We need a proper debate before voting on handing over our rights *
By Dearbhail McDonald
Dearbhail McDonald: We need a proper debate before voting on handing over our rights
I MISSED the presidential debate on RTE as I had a violin lesson that night and was grappling with Vivaldi’s Concerto in A Minor when Dana almost dissolved on set.
It is risky, as a journalist, to deliberately dodge key political events.
But my personal, as opposed to my professional, interest in the presidential election has peaked, hence my descent into a maelstrom of the musical kind.
This is not because the office of the President and who occupies it is not of huge importance to me. It is.
But my interest has waned.
This is because I believe that the critical decisions to be taken by the electorate on October 27, that will have a much bigger impact on the lives of Irish citizens, have been swept away by the admittedly enthralling presidential campaign.
Most people do not know that on the day they pick our next president that they will be asked to make two fundamental changes to the Constitution that could radically alter our political and legal landscape and the relationship between the citizen and the State.
The first is to reduce judges’ pay.
The second is to give politicians (and not the courts) the power to determine the “balance” between the rights of a person against whom politicians will be able to make findings of fact and the public interest in seeing an inquiry conducted.
I am voting no to both.
Not because I believe that judges’ pay and pensions should not be reduced. I believe emphatically that judges’ pay should, subject to certain safeguards that are not included in the proposed referendum, be reduced.
But the separation of powers requires that an independent commission on judges’ remuneration — and not the executive — is needed to ensure that the judiciary, for all its faults and botched handling of the pay and pension issue, is free of political manipulation.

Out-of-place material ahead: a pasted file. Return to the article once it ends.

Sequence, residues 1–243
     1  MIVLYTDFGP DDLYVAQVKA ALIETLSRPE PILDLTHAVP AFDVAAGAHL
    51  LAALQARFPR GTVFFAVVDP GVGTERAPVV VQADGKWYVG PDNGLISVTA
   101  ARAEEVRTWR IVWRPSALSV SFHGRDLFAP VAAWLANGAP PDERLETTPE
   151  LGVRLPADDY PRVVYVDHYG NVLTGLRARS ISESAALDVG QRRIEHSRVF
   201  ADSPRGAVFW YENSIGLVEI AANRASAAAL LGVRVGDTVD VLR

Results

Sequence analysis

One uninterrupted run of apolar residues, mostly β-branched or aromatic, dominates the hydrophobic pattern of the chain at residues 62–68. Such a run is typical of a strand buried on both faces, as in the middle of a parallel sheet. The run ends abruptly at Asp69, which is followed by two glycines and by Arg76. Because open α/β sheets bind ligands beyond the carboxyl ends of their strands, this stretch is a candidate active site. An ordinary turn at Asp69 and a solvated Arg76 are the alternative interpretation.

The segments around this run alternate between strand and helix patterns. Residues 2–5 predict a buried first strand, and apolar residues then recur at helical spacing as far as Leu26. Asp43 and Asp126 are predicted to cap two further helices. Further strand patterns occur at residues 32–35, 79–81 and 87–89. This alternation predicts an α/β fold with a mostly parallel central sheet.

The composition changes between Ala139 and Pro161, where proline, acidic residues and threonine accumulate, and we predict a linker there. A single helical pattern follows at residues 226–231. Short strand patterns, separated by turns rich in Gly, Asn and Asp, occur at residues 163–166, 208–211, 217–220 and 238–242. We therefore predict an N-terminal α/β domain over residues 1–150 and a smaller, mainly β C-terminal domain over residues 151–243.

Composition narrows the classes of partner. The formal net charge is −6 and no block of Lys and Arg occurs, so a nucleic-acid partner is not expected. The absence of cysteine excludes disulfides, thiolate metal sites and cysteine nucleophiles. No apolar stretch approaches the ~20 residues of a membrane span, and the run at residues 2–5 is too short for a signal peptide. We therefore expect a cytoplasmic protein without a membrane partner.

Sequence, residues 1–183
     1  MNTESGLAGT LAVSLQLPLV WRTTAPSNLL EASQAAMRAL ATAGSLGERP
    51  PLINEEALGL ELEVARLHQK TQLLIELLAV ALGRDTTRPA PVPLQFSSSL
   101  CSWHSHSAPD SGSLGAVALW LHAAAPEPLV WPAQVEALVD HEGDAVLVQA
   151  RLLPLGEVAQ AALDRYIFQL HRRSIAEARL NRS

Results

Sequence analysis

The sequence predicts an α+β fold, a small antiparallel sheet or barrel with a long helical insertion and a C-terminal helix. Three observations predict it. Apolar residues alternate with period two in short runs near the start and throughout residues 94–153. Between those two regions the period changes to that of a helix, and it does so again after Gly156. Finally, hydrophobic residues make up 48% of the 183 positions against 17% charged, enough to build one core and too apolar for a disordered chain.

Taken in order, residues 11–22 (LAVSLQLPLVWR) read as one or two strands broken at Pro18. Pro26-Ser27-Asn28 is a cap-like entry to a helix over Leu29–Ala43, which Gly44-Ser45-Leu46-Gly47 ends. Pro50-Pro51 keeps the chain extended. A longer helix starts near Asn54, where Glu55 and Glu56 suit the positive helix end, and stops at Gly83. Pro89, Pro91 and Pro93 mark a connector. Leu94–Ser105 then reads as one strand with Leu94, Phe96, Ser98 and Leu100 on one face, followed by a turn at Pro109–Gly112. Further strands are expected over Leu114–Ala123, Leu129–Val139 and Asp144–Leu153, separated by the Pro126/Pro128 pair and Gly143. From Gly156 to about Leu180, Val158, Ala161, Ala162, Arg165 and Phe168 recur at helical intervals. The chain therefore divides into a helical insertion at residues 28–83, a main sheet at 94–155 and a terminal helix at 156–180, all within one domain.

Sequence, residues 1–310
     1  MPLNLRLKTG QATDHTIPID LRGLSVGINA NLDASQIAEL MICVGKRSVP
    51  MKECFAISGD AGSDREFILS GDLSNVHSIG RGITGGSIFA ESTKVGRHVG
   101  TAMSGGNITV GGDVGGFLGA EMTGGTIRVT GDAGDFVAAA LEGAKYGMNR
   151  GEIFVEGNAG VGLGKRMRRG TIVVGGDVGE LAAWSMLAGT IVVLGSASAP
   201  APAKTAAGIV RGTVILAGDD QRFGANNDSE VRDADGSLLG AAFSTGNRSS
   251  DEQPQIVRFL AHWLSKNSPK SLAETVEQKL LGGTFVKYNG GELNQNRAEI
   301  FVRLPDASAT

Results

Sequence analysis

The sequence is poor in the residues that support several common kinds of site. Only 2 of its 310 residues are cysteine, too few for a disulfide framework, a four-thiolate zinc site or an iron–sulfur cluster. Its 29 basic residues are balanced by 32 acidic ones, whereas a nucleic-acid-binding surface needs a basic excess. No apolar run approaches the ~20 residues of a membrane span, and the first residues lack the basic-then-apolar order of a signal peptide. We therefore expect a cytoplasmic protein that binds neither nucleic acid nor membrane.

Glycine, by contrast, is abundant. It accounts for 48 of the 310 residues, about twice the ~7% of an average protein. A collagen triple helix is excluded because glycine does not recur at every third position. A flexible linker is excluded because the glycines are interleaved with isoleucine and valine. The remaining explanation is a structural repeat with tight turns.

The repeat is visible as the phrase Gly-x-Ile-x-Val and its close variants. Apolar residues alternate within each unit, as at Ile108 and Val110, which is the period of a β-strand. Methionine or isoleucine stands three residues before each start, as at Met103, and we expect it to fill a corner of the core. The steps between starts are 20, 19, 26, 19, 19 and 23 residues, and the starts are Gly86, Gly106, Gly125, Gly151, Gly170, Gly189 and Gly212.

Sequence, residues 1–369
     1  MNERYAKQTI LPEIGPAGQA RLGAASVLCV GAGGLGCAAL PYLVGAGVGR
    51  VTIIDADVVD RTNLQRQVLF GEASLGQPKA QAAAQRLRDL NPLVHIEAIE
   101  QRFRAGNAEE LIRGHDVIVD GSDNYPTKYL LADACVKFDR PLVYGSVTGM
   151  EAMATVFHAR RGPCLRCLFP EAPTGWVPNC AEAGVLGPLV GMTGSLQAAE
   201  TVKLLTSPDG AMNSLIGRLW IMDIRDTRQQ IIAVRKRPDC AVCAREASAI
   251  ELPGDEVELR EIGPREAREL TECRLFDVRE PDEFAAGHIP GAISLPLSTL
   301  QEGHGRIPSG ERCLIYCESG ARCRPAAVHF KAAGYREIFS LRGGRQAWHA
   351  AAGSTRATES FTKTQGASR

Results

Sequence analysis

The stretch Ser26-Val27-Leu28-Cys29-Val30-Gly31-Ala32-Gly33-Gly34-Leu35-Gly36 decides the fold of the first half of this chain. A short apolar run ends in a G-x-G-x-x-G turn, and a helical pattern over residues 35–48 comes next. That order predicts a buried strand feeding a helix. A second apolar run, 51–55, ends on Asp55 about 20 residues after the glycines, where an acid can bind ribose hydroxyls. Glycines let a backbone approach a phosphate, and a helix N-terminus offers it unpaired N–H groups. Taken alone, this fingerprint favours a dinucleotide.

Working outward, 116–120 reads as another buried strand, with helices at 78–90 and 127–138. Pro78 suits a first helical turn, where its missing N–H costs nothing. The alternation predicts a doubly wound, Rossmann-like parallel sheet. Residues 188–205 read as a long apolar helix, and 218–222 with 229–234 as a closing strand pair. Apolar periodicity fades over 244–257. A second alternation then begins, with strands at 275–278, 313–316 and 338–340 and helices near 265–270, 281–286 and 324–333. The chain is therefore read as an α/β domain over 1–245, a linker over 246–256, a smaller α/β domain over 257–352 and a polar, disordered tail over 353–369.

That safeguard of independence is not to protect the judges, but to protect those — you and me — who may appear before them.
I’m also voting no to the referendum on inquiries. Again, this is not because I believe that the Dail and Seanad should be prevented from carrying out effective investigations into matters of public importance.
It is only right that the Oireachtas be entitled, on our behalf and in the public interest, to call individuals — especially vested interests and the executive — to account for their actions.
My objection to this referendum is the fact that it will be up to politicians, vulnerable to swings in public mood and media pressure — witness the botched Ivor Callely inquiry — to decide what “balance” of rights witnesses are entitled to.
I hold certain adverse feelings, for example, towards the stage villains of the financial crisis who have invited the IMF to our shores.
But I would fight tooth and nail for their right to have a fair hearing in whatever forum they are (unlikely to be) hauled before.
At least Callely, whatever your views on his behaviour and conduct, had the option to go to the High Court to successfully vindicate his rights to fair procedure when his colleagues rode roughshod over them.
But if this referendum is passed, future witnesses who are denied fair procedures whipped up on an ad hoc, “trust us” basis by politicians, may find their path to the Four Courts significantly if not entirely blocked.
This is a step too far and potentially dangerous for any witness who finds their constitutional right to natural justice and fair procedures, such as the right to legal representation or cross-examination, thwarted in a political show trial.
This is especially the case when the findings of fact made by political inquiries can have a bearing on the reputation of witnesses or, in severe cases, on their liberty.
At first blush, the referendums look, in the words of one enthusiastic TD, like “no brainers”. On their own, they seem harmless, sensible initiatives.
But the referendums, coupled with the new Legal Services Bill that will see the Government assume de facto control over the legal profession, is evidence of a new strain of executive mission creep: a barely disguised power grab by politicians to undermine the separation of powers.
The doctrine of the separation of powers is the system that acts as a bulwark against abuse or overreach by any one of the three branches of government: the executive, legislature and judiciary.
It provides the vital checks and balances to ensure there is no abuse of state power.
Having removed the power of the Referendum Commission to present the advantages and disadvantages of each referendum, we have now been left with virtually no debate. We need much more discussion on issues of such importance.